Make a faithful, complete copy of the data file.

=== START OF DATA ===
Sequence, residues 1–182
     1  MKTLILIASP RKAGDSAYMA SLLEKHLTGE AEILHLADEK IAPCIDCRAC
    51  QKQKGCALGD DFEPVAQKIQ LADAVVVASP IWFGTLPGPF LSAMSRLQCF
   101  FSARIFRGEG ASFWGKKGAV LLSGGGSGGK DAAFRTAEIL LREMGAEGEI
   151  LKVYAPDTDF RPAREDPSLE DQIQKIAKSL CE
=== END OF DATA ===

Sequence, residues 1–182
     1  MKTLILIASP RKAGDSAYMA SLLEKHLTGE AEILHLADEK IAPCIDCRAC
    51  QKQKGCALGD DFEPVAQKIQ LADAVVVASP IWFGTLPGPF LSAMSRLQCF
   101  FSARIFRGEG ASFWGKKGAV LLSGGGSGGK DAAFRTAEIL LREMGAEGEI
   151  LKVYAPDTDF RPAREDPSLE DQIQKIAKSL CE